Andrew Jackson: Conqueror of Florida

Topics: Andrew Jackson, United States, Seminole Wars Pages: 3 (812 words) Published: October 10, 2010
Andrew Jackson: Conqueror of Florida
In the early 1800’s, Spain had little control of their territory south of the border of the American border, Florida. Indian tribes often raided towns in Southern American, then back to Florida to safety. America’s new mission was to seize Florida from Spain in order to protect itself from further attack. It seems that the tough and volatile Andrew Jackson was the only one to do it.

Jackson’s nickname, Old Hickory, was fitting. Hickory was long held as the toughest wood in the forest, completely indestructible. Jackson lived up to his moniker. He previously earned recognition as an Indian fighter, and defeated the Creek tribes to carve out 23 million acres of land for the US, in what is now Georgia and Alabama. Some tribes even coalesced to fight this American madman. The Seminoles were aggressive and brutal, and they frequently crossed the border to attack American settlers, because they believed their land had been improperly seized. They did not recognize the legitimacy of these American claims, but in Florida, they could be protected. To Jackson, this called for the immediate invasion of Florida.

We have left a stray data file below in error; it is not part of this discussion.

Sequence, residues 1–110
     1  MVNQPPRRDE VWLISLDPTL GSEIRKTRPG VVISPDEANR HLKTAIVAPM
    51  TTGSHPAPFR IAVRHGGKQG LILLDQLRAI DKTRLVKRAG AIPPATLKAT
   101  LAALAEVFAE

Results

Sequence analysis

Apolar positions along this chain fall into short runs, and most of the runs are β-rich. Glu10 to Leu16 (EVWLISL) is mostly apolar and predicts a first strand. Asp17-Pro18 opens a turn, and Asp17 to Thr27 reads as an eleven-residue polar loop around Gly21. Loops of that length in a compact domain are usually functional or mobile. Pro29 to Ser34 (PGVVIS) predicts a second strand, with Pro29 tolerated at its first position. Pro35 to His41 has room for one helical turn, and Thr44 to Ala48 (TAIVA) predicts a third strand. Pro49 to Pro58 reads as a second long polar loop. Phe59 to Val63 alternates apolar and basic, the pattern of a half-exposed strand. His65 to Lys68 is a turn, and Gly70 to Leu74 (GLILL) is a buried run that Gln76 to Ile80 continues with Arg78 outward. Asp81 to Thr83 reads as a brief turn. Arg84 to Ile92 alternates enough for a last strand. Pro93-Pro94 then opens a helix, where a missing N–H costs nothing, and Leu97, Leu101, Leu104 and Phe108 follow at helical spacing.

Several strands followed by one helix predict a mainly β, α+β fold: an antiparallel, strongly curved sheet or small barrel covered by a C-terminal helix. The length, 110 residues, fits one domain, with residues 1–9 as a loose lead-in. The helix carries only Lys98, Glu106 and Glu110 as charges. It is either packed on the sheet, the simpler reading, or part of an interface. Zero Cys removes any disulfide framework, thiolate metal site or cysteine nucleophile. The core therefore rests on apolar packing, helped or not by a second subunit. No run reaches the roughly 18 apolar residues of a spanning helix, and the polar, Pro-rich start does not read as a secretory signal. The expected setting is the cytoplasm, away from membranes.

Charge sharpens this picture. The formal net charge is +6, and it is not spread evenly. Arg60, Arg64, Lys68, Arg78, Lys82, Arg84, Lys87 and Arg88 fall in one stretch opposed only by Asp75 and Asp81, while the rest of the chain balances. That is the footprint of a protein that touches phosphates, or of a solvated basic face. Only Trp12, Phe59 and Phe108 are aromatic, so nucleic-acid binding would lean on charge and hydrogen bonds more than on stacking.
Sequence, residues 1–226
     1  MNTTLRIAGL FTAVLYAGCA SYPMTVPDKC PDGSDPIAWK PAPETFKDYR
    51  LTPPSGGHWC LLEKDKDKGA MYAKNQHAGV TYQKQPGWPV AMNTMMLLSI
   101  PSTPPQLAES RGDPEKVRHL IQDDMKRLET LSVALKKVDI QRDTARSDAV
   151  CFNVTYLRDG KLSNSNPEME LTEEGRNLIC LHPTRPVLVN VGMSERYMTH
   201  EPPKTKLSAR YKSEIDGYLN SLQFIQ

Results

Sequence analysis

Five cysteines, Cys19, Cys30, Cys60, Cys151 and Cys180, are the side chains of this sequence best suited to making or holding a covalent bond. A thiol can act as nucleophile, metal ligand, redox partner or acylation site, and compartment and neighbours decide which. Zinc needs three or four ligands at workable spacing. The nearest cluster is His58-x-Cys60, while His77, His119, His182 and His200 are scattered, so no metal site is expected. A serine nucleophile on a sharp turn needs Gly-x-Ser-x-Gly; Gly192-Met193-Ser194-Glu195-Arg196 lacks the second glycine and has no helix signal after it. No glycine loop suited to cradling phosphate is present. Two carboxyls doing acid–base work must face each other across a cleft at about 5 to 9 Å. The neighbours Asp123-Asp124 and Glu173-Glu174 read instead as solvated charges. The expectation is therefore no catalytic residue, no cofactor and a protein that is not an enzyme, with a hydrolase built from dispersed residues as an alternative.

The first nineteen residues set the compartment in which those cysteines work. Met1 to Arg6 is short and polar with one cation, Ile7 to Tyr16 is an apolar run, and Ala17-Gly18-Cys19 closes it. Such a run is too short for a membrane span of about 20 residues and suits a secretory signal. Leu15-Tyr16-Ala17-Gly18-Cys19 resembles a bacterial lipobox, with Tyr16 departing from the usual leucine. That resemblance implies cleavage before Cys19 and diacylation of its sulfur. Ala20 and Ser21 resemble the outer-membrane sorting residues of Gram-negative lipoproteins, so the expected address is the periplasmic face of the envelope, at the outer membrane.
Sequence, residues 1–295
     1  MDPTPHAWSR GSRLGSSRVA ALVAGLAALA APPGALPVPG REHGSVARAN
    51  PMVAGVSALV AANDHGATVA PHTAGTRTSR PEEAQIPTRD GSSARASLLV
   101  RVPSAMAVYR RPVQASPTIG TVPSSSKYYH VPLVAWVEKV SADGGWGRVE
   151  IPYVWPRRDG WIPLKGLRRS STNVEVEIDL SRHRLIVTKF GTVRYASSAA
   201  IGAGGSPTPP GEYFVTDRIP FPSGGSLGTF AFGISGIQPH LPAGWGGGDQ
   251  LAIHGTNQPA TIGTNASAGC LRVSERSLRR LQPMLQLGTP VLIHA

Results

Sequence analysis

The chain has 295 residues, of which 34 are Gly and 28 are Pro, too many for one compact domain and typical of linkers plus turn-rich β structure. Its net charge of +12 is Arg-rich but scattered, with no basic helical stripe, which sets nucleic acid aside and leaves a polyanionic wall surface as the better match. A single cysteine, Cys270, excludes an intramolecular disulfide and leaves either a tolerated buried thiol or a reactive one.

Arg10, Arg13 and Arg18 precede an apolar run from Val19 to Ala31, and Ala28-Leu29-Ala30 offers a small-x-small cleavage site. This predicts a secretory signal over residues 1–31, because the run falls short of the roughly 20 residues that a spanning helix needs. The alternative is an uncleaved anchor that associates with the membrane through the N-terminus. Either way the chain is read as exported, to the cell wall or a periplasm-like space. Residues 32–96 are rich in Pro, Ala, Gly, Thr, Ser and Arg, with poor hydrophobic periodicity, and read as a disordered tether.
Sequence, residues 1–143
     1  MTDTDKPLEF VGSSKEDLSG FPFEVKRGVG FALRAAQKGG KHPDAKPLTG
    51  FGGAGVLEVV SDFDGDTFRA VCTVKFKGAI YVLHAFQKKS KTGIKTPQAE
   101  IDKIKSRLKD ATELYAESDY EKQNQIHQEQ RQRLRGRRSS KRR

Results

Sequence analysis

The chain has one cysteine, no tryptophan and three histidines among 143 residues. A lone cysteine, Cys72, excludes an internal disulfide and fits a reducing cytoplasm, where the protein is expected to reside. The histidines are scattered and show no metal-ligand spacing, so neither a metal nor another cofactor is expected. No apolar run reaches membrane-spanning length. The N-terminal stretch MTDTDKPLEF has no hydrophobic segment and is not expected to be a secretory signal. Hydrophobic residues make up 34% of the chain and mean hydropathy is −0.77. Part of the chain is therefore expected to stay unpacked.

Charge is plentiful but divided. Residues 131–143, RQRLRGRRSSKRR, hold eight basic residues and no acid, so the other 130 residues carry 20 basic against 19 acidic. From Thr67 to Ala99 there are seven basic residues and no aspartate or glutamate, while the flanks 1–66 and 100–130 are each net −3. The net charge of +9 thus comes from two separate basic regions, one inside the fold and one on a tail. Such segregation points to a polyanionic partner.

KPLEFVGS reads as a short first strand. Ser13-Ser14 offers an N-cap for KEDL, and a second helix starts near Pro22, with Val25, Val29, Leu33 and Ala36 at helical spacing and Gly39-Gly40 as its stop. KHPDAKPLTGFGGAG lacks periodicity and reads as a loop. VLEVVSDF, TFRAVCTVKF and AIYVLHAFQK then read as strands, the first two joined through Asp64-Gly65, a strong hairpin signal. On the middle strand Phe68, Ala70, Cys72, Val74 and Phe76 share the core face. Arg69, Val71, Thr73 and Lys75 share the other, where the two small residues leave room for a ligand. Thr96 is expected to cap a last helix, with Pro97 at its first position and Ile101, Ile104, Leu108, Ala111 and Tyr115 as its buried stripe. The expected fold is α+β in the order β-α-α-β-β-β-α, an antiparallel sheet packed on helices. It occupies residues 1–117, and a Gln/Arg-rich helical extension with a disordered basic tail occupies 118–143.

In Negro Fort, located in northwest Florida, slaves could escape from Georgia and take refuge. British soldiers armed them and clothed them. Indians eventually found weapons there too. In the eyes of Americans, the British would do anything to cause civil unrest. Jackson made a feeble attempt at diplomacy, but soon after began a march on Negro Fort. Jackson and his men killed 300 there. Any Seminole living in Fowl Town, adjacent from Negro Fort, would be driven out. The Seminoles carried out their revenge, causing Madison to order Jackson to drive them out.

Though most in Congress and in government at the time wanted Florida, seizing it might mean war with either Spain or England. Fresh off the near disaster of the War of 1812, war was not an option with much weight. Instead, Madison gave Jackson rather vague...
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